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Tasting Wine: The Aroma

The experience of tasting a wine is a combination of how it looks, smells and tastes. Some say the nose — or aroma — of a wine can be the most powerful indicator of taste. The aroma can account for 85 percent of a wine's flavor. Smelling a wine is where you'll examine intensity, age, wood, fruit and non-fruit (like spice or earth) characteristics.

As a server or sommelier, it's important to learn the system for smelling wine and what the aroma can reveal about the character and origin of a wine. These steps and the accompanying vocabulary can help you become more comfortable discussing wine and teaching others.

How to Smell Wine

Begin by smelling the wine. Hold the glass just below your nose and give the wine a couple of sniffs to set a baseline. Now, swirl the wine. This aerates the wine, causing it to release aromatic compounds, so it will smell and taste different. Now, take long, slow sniffs, allowing yourself time to take in the different characteristics. Sniffing different areas of the glass will bring forward different aromas, such as rich fruit near the lower lip of the glass, and floral aromas and volatile esters on the upper lip.

First things first: is the wine flawed? If so, you may encounter cork taint, oxidation, volatile acidity, excess sulfur dioxide and more. See more detail on flaws below.

Wine Faults

It's important to know which aspects of a wine's profile and appearance may denote a fault in the wine. Begin by examining the unopened bottle, then proceed from there. Any of the faults listed below will indicate that the bottle may have been compromised and that you should consider opening a new one.

  • Trichloroanisole (TCA) tainted or “corked” wine is caused when treated cork reacts with chlorinated phenols and creates a compound TCA, contaminating the bottle. Corked wine smells like wet dog and soggy cardboard, and can happen in any level of wine, from expensive to low-cost.
  • Reduction is caused when a wine doesn’t have enough oxygen in the bottle. This flaw is characterized by aromas of boiled garlic and cabbage.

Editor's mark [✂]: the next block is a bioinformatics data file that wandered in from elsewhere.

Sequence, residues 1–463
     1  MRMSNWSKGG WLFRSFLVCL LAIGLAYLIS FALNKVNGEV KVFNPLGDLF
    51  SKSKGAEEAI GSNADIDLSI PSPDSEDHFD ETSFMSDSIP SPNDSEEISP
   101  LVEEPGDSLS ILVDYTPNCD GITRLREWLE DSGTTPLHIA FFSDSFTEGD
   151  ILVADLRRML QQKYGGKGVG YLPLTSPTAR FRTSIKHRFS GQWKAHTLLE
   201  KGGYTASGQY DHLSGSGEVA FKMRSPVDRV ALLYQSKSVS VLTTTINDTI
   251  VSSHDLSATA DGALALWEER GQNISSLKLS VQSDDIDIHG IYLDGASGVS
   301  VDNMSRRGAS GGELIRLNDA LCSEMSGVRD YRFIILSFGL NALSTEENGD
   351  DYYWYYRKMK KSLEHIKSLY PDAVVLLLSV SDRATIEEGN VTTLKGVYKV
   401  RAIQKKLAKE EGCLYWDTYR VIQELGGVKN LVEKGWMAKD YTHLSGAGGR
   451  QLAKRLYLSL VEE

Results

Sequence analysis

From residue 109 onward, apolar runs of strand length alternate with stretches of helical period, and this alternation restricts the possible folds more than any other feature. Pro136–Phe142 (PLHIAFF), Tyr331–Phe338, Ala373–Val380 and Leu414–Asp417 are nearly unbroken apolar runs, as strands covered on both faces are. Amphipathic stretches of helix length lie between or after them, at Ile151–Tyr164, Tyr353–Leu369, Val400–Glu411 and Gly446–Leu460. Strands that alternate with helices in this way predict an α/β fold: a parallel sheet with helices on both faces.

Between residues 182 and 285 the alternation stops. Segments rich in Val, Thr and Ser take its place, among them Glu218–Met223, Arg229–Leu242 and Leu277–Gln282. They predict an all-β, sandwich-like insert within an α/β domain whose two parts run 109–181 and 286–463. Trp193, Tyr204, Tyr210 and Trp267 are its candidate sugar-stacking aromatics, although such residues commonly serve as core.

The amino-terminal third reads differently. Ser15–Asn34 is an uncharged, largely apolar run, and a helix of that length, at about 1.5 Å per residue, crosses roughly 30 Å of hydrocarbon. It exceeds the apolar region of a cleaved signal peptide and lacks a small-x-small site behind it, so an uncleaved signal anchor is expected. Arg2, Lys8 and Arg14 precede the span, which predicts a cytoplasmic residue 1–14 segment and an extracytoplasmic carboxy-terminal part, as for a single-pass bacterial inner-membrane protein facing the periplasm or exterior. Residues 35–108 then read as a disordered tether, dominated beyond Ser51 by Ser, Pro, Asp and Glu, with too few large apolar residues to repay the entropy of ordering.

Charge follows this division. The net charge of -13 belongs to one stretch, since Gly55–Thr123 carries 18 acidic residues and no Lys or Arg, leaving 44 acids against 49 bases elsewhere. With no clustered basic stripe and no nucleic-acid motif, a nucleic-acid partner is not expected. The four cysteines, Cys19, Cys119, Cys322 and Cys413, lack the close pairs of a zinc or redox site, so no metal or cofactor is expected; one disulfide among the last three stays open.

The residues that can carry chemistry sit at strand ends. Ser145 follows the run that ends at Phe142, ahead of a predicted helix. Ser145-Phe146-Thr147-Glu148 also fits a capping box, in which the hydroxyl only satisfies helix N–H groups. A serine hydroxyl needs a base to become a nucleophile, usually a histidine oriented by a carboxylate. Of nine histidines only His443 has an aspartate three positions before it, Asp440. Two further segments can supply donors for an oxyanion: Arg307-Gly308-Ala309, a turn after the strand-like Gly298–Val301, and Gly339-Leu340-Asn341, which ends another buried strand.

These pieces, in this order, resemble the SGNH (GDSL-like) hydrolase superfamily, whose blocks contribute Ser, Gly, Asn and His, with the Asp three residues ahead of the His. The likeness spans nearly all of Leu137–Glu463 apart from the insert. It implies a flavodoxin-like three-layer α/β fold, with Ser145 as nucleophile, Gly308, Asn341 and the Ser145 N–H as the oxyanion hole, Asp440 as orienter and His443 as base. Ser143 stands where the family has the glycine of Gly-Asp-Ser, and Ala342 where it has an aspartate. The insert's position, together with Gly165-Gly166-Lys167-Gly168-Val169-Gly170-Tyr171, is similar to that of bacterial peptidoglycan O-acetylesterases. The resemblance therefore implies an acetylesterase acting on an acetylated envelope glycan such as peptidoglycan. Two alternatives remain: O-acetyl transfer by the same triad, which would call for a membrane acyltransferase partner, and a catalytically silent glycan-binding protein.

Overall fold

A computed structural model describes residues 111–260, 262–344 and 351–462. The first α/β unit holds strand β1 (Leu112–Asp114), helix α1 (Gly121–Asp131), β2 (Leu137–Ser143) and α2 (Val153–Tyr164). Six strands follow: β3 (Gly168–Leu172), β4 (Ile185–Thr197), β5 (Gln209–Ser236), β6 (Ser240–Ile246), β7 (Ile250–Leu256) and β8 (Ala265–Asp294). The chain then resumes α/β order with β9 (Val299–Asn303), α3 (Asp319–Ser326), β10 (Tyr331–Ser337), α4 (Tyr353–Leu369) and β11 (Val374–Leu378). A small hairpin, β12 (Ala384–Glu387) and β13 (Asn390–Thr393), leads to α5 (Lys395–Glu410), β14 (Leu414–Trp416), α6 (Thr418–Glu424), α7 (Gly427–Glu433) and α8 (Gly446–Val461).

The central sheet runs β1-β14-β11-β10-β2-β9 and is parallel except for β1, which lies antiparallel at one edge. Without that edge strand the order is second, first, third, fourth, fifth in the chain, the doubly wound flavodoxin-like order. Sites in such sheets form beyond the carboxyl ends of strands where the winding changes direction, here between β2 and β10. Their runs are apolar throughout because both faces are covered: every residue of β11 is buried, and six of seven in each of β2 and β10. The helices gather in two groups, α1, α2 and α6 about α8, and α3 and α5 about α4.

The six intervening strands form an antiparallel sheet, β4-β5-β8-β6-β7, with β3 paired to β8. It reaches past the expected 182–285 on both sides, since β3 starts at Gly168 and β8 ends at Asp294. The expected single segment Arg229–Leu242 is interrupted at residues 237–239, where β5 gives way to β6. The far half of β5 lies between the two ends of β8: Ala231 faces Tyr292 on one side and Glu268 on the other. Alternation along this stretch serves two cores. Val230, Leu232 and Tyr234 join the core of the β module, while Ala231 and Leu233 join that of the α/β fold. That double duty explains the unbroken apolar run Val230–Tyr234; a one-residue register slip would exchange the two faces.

• Oxidation in wine is caused when the wine is exposed to oxygen, and may be characterized by a brown color and a flat taste.
  • UV damage or “light strike” is caused by exposure to sun or supermarket lighting. White wines are particularly vulnerable to this, and it is characterized by a cabbage or wet dog aroma.
  • Heat damage or “cooked” wine has reached temperatures in excess of 82 degrees, and is characterized by flat flavor and a brown hue.
  • Spritz in a non-sparkling wine means that the wine has either not finished fermentation, or is undergoing an unexpected second fermentation in the bottle. When this occurs, the wine may be slightly hazy due to residual yeast particles.

Fruit and Fruit Character

Once you have concluded that the wine is free from faults, or "clean," begin exploring the different fruit aromas present in the wine.

White Wine Fruit

  • Citrus: lemons, limes, oranges, grapefruits, tangerines
  • Tree fruit: green, red or yellow apples; pears; quince
  • Stone fruit: peaches, nectarines, apricots
  • Tropical fruit: pineapples, mangos, papayas, passion fruits, melons

Red Wine Fruit

  • Red fruits: cherries, raspberries, red plums, cranberries, strawberries, pomegranates
  • Blue fruits: blueberries, boysenberries, marionberries
  • Black fruits: blackberries, black cherries, black plums, black currants

Fruit Condition

  • Ripe
  • Tart
  • Baked
  • Cooked / stewed
  • Dried
  • Peels / skin / pith
  • Jammy / preserved

Non-Fruit Aromas

Next, try to isolate the non-fruit aromas. These are generally pleasant odors that add complexity and character to the overall bouquet of the wine.

  • Floral
  • Vegetal
  • Herbal
  • Spice

Earth and Minerals

Finally, isolate the sub-layer of organic and inorganic scents. These smells don't necessarily make you think "food," but each one adds further complexity to the wine, and knowing how to recognize them is essential.


  • Forest floor
  • Compost
  • Mushrooms
  • Barnyard


  • Mineral
  • Limestone
  • Chalk
  • Slate
  • Flint
  • Wet rock

Wood and Spices

Next, let's look at the aromas that are associated with oak aging the wine. Here, scents of vanilla, caramel, mocha or honey — and their intensities — can indicate the kind of oak used, and the relative age and size of the barrel. The variables to be aware of when identifying oak in a wine's bouquet are:

  • Baking spices (vanilla, cinnamon, clove)
  • Sawdust, dill, coconut
  • Age (old vs. new)
  • Char (toast and smoke)
  • Barrel indicators (French, American, small or large)

What's Noble Rot?

Trust us, it's a good thing. Every year, under the right conditions, the parasitic fungus known as Botrytis Cinerea infects the skin of grapes, producing dried, sweetened fruit high in sugars — and this creates famed wines such as Sauternes and Tokaji Aszu, among others. Under these unique conditions in a few lucky vineyards, Botrytis Cinerea is known by a special name — ”noble rot.”